Watching fast-paced TV shows and movies doesn’t affect children’s attention span | fitness | Hindustan Times
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Watching fast-paced TV shows and movies doesn’t affect children’s attention span

Researchers say that fast-paced television and movies do not harm your child’s cognitive abilities or attention span in the short term.

fitness Updated: Sep 09, 2017 16:37 IST
Fast-paced programs have no detrimental effects on young children’s behaviour in the short-term.
Fast-paced programs have no detrimental effects on young children’s behaviour in the short-term.(Shutterstock)

Movies and TV shows neither harm children’s cognitive abilities nor shorten their attention span in the short-term, according to a recent study by researchers at Keele University in the UK. They presented their findings recently at the British Psychological Society’s Developmental Psychology Section annual conference in Amsterdam. Previous research said that placing TV sets in your children’s room could put them at higher risk of being overweight in later life and kids who spend 15 minutes or more watching TV are likely to get less creative.

Dr Nicholas Reyland, senior lecturer in music and film studies at KU, outlined that the context for the team’s research was parents’ concern that the complex visual footage and sound effects in movies and TV shows could be intrinsically harmful, making it harder for children to absorb information and follow the story line.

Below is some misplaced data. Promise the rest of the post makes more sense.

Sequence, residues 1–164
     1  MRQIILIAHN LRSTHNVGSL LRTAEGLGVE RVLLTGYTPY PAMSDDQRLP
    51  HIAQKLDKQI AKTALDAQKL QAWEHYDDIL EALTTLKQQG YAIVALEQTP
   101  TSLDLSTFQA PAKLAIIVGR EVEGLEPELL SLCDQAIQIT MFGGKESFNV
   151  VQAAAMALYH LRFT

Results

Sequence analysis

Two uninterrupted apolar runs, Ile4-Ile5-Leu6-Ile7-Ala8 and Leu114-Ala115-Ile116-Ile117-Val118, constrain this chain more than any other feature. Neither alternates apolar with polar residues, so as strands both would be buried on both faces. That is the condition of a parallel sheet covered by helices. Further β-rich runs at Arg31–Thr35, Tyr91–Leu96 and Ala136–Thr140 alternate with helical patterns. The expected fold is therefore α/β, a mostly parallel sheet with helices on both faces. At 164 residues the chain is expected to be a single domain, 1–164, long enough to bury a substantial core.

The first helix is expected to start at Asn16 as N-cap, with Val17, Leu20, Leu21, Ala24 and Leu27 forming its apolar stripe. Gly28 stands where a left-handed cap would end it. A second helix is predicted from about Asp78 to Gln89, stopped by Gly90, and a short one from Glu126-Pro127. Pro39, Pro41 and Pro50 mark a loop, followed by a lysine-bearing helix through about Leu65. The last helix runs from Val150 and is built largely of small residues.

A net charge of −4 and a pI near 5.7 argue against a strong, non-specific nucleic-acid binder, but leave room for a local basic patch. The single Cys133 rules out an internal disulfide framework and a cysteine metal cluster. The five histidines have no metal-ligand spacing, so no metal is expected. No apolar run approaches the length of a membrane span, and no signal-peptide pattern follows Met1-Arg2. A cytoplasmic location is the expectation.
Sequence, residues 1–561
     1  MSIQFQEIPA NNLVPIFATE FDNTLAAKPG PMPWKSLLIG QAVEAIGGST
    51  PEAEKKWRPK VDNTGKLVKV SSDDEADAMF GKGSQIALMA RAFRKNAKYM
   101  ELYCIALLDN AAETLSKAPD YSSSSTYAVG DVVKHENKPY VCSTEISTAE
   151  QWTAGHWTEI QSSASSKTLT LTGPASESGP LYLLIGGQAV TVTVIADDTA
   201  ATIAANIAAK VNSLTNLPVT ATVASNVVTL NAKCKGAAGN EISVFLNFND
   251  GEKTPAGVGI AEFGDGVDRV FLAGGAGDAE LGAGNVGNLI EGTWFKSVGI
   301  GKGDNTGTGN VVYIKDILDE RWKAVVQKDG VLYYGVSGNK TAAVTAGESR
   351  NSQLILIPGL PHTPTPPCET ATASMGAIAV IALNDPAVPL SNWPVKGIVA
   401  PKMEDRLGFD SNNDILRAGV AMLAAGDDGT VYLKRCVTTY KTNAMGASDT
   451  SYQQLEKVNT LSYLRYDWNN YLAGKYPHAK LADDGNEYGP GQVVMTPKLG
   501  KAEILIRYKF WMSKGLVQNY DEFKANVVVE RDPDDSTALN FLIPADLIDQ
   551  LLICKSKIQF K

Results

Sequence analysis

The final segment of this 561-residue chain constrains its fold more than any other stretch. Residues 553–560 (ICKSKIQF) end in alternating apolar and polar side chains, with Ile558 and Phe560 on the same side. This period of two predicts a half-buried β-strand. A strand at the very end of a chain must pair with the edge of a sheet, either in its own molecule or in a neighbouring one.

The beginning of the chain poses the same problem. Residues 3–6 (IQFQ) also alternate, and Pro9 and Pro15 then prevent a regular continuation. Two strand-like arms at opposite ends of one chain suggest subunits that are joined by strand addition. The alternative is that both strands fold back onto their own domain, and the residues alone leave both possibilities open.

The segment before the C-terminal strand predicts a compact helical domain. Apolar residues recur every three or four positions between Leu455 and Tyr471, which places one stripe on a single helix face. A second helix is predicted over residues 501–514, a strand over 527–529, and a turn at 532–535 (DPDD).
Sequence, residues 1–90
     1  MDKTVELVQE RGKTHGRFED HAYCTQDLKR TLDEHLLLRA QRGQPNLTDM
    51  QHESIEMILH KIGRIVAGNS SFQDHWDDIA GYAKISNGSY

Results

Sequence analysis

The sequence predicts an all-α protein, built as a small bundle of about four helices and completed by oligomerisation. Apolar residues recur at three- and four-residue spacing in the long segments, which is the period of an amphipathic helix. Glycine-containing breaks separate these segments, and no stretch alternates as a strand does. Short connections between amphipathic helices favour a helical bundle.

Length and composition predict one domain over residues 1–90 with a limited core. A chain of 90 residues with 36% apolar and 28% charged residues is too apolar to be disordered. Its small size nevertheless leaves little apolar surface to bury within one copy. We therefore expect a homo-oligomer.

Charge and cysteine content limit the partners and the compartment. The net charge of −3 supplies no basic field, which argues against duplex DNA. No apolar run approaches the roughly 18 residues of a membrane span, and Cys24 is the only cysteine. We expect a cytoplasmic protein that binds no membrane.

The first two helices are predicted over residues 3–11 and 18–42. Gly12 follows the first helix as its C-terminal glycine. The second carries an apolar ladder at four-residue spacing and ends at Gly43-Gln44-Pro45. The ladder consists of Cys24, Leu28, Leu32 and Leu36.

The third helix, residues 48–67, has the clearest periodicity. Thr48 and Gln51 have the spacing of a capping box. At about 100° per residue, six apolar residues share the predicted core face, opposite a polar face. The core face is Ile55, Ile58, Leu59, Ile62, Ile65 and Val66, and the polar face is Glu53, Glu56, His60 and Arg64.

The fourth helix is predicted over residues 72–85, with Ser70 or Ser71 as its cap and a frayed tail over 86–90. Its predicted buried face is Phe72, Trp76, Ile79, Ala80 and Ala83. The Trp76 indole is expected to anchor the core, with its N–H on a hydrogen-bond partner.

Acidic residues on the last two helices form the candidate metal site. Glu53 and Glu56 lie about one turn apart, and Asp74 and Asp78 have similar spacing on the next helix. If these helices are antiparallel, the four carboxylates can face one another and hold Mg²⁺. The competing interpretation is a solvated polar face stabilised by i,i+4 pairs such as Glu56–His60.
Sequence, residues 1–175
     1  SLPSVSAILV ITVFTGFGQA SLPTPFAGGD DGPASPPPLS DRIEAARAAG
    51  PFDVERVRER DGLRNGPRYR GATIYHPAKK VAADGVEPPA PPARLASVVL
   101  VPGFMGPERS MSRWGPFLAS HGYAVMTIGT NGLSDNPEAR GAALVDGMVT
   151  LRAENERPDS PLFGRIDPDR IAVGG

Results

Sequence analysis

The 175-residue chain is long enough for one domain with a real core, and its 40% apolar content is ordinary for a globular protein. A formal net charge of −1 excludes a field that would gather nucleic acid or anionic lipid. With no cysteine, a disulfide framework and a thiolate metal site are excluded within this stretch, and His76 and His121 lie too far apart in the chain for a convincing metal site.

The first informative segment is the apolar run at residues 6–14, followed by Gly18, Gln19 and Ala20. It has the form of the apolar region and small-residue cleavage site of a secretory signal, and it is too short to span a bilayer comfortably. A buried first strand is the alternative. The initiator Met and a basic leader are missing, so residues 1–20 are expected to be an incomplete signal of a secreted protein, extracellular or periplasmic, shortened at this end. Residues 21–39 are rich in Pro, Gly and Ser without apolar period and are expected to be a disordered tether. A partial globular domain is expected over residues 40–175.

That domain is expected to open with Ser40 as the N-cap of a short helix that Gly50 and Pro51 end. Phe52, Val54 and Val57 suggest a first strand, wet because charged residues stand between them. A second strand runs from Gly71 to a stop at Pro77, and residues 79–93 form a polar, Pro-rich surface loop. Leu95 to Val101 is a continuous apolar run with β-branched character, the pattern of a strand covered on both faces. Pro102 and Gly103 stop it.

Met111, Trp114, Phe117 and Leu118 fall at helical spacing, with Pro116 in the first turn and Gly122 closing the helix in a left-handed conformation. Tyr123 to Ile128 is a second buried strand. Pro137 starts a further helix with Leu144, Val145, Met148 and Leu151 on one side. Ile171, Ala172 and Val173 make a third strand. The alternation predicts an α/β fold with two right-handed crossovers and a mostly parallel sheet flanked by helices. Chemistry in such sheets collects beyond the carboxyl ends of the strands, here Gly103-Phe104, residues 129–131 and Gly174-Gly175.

Dr Reyland was inspired to work on the study after observing his own children develop a preference for more relaxed, vintage series and wondered himself what kind of effect the increasingly frenetic pace of children’s television programming could bring. To tackle the question, Dr Reyland and his colleagues visited the homes of 41 children: 21 three-year-olds (13 girls and eight boys) and 20 four-year-olds (10 girls and 10 boys).

“We thought it was important to observe them in a naturalistic setting,” said Dr Reyland, adding that all children involved in the study were at least vaguely aware of the series before the experiment. They observed them watching both a vintage and a modern version of Postman Pat after which they were given comprehension tests and a cognitive task using a popular toy called Block Buddies.

Dr Reyland said that the children paid more attention to the modern, fast-paced version of the series, but that it made no difference in their behaviour or in their ability to perform following viewing. In fact, they performed slightly better on the cognitive task afterwards, although the younger set was the least attentive to the material. “It’s reassuring to discover that fast-paced programs have no detrimental effects on young children’s behaviour in the short-term, and important to know that they sustain children’s attention and may even give them a slight boost in ability to undertake other tasks,” concluded lead author Dr Alexandra Lamont, a senior lecturer in music psychology, although she cautioned that many questions remained regarding this complex area of research.

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